How to have people buy without realizing it

Earlier today I saw a blog post for a charity that was promoting a new DVD they are offering….well, sort of. What they were doing was saying they would send you the DVD as a thank you for any donation you make to them.

Now I know that cause marketing is nothing new and this is not a new way to raise money for a charity, but something about it has stuck with me.

The thing is, while the DVD interested me, I don’t know if I would have bought it. Now, I donated $15 to the charity following this offer and as soon as I hit the “pay” button I started wondering if I would have paid $15 if I had seen the DVD in the store.

Probably not.

But, when packaged as a “thank you” for a donation to a cause I believed in, I did so without giving it a second thought.

Like I said, this isn’t anything new, but I just feel like there’s something there. A way to sell something without someone feeling like they bought it.

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How to have people buy without realizing it

What I want from Amazon’s Kindle

So, by now, everyone has heard the buzz about the Kindle 2. In fact, now there’s even rumors of Kindle 3. (Gotta love the life cycle of technology!)

Take this for what you will, since I’ve never even played with a Kindle, let alone owned one.

I think the concept of having it read to you is great. Sure, it doesn’t replace audio books, but it’s still a pretty interesting feature – especially when you take it from the standpoint of a person with vision impairment.

What I would really like goes to the heart of how I read a non-fiction (usually business) book. When I read, I do so with a highlighter firmly in hand. I mark up passages, thoughts, concepts that resonate with me. Then, even though I’m WAY behind, I like to pull those highlighted sections out and summarize the book somewhere for easy reference. This allows me to smash concepts from different books together and hopefully come up with ideas.

So, what I’d really like from the Kindle goes to that practice. I know you can “highlight” sections of a book…and this has supposedly gotten easier on Kindle 2. I would love it if, once you finish a book, you can connect the Kindle to the computer and have it create a document for you that sets a chapter title as a heading and then list all the highlighted sections for that chapter below the heading. Almost like an automated outlining tool.

I don’t know if it already does something like that, but I know I’d buy one right now if it did!

Edit (3/2/09): Apparently I didn’t look around enough before I wrote this. According to a few posts (like this one) it seems that you can already do most of this with the Kindle. Ok, now I’m interested!

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What I want from Amazon’s Kindle

Seth highlights another great way to succeed

This post really struck me for some reason.

Seth has an incredible knack for making people think. That’s why he’s so good at what he does. When I read that post, it made me think that “making your customers’ dreams come true” is a great way to succeed, but it takes a special person/group/company to do it.

I think that too many people/groups/companies stop short of doing this…to their detriment. It’s so easy to say that, “My industry isn’t one that people dream about,” or, “We don’t do have a product that people equate with that level of excitement.” They use that as a reason to be satisfied with ok, or even good.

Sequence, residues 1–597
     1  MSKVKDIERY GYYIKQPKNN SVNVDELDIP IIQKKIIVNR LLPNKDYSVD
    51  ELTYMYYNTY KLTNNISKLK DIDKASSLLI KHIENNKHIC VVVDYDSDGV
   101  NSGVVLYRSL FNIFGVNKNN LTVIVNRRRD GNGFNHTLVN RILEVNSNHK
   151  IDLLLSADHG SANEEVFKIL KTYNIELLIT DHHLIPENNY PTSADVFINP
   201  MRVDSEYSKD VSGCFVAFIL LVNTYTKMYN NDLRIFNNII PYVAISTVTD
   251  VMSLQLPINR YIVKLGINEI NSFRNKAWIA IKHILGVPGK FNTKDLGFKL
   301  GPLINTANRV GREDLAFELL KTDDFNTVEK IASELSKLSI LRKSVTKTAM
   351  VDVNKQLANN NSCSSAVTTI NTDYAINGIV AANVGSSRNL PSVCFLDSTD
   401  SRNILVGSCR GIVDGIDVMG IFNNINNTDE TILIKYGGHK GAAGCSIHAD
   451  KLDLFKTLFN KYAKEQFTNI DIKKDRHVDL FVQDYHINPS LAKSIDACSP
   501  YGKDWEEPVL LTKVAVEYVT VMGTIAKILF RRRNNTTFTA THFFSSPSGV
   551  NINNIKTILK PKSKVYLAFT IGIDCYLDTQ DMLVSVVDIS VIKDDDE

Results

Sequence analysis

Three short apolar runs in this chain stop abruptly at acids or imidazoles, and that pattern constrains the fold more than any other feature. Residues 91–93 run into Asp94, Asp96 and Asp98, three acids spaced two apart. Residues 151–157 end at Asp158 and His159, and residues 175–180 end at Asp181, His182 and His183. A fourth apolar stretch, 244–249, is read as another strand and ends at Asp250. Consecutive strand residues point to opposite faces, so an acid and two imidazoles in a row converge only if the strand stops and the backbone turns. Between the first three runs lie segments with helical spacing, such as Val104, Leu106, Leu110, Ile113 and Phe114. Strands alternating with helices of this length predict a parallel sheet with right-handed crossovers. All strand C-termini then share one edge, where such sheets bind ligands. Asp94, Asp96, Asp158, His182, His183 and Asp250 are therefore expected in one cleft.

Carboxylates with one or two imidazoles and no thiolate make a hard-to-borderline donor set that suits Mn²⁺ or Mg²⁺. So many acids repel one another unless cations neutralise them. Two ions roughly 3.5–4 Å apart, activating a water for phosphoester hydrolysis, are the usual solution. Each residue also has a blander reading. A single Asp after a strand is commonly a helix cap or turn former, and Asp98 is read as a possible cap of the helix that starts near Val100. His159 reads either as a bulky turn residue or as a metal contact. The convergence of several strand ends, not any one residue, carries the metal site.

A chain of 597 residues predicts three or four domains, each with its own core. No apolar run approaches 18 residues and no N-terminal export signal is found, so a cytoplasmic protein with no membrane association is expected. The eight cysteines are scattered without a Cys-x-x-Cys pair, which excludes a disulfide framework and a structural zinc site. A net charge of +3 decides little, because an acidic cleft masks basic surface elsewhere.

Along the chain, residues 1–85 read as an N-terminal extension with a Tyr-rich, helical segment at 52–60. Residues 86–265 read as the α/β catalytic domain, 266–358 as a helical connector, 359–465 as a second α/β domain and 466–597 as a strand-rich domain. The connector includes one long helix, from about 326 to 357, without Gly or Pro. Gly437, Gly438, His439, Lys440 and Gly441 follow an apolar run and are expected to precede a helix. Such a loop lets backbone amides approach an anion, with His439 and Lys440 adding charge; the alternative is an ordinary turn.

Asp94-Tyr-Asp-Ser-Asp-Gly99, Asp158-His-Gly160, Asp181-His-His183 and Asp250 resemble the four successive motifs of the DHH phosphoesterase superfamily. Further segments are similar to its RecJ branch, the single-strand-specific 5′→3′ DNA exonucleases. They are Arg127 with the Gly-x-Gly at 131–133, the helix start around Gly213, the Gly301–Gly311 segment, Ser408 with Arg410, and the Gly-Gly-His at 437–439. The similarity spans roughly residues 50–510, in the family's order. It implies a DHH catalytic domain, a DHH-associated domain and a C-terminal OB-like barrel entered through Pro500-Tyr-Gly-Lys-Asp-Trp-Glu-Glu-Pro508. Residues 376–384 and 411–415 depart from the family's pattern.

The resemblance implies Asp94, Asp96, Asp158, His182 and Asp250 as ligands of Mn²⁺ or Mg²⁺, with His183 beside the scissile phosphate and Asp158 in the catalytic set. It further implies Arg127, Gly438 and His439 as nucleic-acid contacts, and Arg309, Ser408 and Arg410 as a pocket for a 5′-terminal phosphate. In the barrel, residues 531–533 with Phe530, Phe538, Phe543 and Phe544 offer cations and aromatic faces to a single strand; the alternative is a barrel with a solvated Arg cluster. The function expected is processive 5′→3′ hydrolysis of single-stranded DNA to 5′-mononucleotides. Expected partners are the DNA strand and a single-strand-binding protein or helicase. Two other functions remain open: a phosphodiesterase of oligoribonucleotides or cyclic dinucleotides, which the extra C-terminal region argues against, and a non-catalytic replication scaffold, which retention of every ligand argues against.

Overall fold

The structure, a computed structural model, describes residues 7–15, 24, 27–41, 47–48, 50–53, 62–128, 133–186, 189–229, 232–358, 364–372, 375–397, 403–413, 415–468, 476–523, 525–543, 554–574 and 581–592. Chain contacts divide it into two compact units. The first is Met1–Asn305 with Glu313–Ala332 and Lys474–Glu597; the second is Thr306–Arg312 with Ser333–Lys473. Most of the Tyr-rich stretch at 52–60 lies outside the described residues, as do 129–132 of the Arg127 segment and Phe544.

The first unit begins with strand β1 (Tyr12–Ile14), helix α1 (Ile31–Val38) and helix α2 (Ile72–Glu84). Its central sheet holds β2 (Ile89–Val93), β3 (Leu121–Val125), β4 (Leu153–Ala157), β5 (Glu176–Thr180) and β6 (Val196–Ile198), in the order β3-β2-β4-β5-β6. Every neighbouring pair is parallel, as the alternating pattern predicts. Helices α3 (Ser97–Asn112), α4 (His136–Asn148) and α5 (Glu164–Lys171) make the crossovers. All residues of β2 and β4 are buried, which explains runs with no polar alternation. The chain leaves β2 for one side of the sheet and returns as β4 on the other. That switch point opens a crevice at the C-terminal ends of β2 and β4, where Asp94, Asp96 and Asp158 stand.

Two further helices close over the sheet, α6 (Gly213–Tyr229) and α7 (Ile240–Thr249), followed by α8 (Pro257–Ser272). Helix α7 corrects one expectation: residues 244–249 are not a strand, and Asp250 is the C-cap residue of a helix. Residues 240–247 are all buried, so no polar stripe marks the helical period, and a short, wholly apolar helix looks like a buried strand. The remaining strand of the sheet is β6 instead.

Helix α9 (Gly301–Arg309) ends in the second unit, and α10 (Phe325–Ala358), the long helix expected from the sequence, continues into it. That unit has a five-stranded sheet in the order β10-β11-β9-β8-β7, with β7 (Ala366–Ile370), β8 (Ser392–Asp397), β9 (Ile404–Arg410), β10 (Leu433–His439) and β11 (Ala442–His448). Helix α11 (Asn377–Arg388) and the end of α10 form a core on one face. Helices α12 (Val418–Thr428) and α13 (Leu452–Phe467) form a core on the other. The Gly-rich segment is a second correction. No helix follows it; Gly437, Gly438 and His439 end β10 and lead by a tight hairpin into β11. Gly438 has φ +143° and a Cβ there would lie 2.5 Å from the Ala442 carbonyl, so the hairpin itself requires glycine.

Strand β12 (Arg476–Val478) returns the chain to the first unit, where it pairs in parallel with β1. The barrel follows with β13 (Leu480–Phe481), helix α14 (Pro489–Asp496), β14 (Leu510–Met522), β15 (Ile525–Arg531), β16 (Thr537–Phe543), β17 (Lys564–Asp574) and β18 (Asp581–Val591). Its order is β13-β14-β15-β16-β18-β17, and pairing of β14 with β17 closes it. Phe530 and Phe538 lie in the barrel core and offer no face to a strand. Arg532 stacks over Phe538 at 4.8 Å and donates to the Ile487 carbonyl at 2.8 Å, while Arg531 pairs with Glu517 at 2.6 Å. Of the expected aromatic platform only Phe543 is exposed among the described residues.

The problem is that there’s another person/group/company right behind them that IS hungry enough to grab that goal of making their customers’ dreams come true and they’re going to pass you up soon if you ignore them.

It’s easy to figure that your customers are happy enough with what you do, so you don’t need to change. The problem is, if they’re “happy enough,” they’re not happy enough to not leave if a better offer comes along.

It takes a person/group/company that is dedicated to making their customers’ dreams come true to keep them from looking to satisfy those dreams elsewhere.

While the statement is really an elegant way to keep you focused on your customer’s question of, “What’s in it for me?” it’s something that’s easy to forget and hard to get back once you remember it.

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Seth highlights another great way to succeed

How can Starbucks fix their corner of the Internet?

In reading through “The Big Moo” by Seth Godin, something hit me with regard to Starbucks and their wifi connection.

When they switched to AT&T as their provider, they made a big announcement and promotion about how now iPhone users could use their wifi for free for two hours per day.

Great idea. In my opinion, the fact that they charge for wifi at all is a bit ridiculous, but reasonable people can disagree with that one.

I have, on many occasions, tried to use the “free” wifi at Starbucks and never once succeeded.

Why? It takes too long.

When you’re talking about a service for a mobile phone, how do you think most people will tend to use it? Probably to quick check the news or their email while they’re waiting in line for their $4 cup of coffee. Sure, there are people that will sit and use up their whole two hours, but I’m guessing that most people are just using a few minutes while they’re in the store in the morning.

But, at Starbucks, you have to go through an entire login process before you can even use the wifi. By that time, I usually just say, “forget it, I’ll do it later.”

Is this nitpicking? Maybe, but in my mind, if a company is built on experience, then the experience should be consistent. Putting a barrier in people’s way for something as simple as wifi seems to me to fall outside the type of experience that Starbucks should be working toward.

How can Starbucks fix their corner of the Internet?

I think I understand why Kodak is in trouble